China’s dominated the penultimate day of the 20th Asian Athletics Championships in Pune, India, with two championship records studding their golden da on Saturday (6).
They won four of the seven gold medals on offer and, with 12 gold medals now in their collection, China sits comfortably in pole position in on the medal table.
Li Lingwei in women’s Javelin and Li Ling in women’s Pole Vault were China’s star performers, taking home gold medals with championship records on a day that had no individual finals on the track.
Lingwei, who held the Asian record of 65.11m until it was broken by compatriot Lu Huihui with a 65.62m in April this year, wasn’t at her very best but she sent her implement out to 60.65m in the fourth round to clinch the title and championship record.
However, there was nearly a big upset.
Sri Lanka’s Nadeeka Lakmali delivered a national record of 60.16m, to take the lead in the third round before Lingwei responded like a champion in the next round.
Ling, the silver medallist in Kobe two years ago, had headed the 2013 Asian lists with two clearances over 4.50m but, on her 24th birthday, the Chinese vaulter decided to give herself a little present and soared comfortably over a bar at 4.54m, a personal best and one centimetre better than the championship record set by her compatriot Gao Shuying in 2005.
This was China’s sixth gold medal in the event in seven editions.
Ling seemed capable of going higher but she decided to cry a halt to the contest once the record was hers bag. Another Chinese athlete, Ren Mengqian, equalled her personal best of 4.40m for the silver medal.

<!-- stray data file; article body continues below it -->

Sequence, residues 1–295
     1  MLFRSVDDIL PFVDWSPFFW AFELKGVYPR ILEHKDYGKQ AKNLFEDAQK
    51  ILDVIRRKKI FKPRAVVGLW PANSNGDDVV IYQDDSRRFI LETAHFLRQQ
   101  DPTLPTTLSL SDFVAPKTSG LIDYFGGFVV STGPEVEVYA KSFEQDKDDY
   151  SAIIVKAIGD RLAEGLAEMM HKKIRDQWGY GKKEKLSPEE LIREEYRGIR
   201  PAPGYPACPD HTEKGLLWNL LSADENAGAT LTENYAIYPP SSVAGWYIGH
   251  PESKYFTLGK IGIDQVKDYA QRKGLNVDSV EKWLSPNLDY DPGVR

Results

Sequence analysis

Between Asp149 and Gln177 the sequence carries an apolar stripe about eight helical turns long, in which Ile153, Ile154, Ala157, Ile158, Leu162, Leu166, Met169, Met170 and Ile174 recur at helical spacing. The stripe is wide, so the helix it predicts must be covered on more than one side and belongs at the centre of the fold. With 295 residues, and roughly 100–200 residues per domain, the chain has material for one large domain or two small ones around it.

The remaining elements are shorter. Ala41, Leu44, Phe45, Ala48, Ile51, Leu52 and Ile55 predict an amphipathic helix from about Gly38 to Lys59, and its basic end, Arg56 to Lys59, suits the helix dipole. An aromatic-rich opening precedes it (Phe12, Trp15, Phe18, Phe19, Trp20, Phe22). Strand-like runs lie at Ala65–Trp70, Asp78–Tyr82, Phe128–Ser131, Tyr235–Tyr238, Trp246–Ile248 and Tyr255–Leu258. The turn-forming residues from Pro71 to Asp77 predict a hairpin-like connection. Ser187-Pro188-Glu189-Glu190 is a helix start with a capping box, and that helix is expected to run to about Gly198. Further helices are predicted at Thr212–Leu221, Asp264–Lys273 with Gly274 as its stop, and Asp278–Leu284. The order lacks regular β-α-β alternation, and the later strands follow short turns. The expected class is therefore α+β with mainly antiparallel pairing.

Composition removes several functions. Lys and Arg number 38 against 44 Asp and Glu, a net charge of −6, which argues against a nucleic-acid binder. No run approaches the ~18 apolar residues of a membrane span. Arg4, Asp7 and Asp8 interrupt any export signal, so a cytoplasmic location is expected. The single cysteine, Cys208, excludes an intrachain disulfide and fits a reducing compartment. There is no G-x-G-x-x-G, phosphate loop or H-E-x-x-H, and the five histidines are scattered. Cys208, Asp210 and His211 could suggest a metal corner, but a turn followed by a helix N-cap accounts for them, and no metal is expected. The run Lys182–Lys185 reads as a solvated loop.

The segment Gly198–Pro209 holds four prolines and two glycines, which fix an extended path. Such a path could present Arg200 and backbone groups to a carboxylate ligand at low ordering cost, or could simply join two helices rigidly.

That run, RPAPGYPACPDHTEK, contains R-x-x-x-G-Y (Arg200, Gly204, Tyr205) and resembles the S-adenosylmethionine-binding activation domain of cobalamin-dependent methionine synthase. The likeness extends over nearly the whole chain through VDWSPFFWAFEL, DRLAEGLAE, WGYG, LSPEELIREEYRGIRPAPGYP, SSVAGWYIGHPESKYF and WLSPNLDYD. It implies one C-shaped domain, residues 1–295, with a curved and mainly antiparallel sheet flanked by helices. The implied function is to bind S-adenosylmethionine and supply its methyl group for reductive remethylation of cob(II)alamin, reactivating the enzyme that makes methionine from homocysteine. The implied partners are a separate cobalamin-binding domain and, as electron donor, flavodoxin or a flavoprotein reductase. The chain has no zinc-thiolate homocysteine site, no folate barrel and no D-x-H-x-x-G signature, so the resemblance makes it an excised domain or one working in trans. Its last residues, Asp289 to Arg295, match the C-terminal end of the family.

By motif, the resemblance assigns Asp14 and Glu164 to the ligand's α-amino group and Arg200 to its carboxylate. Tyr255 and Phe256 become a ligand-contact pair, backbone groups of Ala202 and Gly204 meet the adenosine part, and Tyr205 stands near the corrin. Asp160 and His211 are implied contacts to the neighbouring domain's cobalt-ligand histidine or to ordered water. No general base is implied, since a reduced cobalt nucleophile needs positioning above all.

Liu Xiangrong, sixth at the London Olympics, finally regained the top spot in women’s Shot Put. The Asian champion in 2007, Xiangrong had to settle for silver in 2009 and 2011 but there was no one to challenge her this time around.
The 25-year-old Chinese took the lead with 18.39m in the first round and never relinquished that spot. A final-round toss of 18.67 merely confirmed her gold medal. Iran’s Leyla Rajabi, the bronze medallist in Kobe, moved up a place to finish second with an 18.18m effort.
Kuwait’s Ali Mohammed Al-Zinkawi and Tajikistan’s Dilshod Nazarov renewed a familiar rivalry in men’s Hammer Throw.
Al-Zinkawi, a four-time champion, was targeting his fifth gold but 2009 champion Nazarov, second on this year’s world list with 80.71m, had other ideas.
The Tajik’s final round throw of 78.32m was his best but any of his previous throws would have won the contest with Al-Zinkawi unable to go further than 74.70m
Winatho Wassana won Thailand’s first gold medal of the championships, defending her title in Heptathlon with a consistent performance over two days.
The 33-year-old had a total of 5818 points, more than 200 better than Uzbekistan’s Yekaterina Voronina, who took the silver medal with 5599 points.
The relays had bad news in store for Japan, who are having lean championships with just two gold medals so far. They had swept all the four relays in Kobe but were defeated in both the 4x100m events, finishing second in both races.
Hong Kong delivered the first jolt in the men’s 4x100m. Tsui Chi Ho’s brilliant anchor helped them win their first-ever gold in this event as they put both Japan and China to shade. Hong Kong clocked a quick 38.94 to Japan’s 39.11 with China third in 39.17.
In the women’s sprint relay, China, anchored by 100 champion Wei Yongli, comfortably defeated Japan for the gold medal, clocking 44.01 to their rivals 44.38.
Going into the final day, China, besides the 12 gold medals, have four silver and five bronze medals. Bahrain are second with four gold medals, four silver and one bronze while Uzbekistan, in third spot, have three gold medals, four silver and one bronze.
A correspondent for the IAAF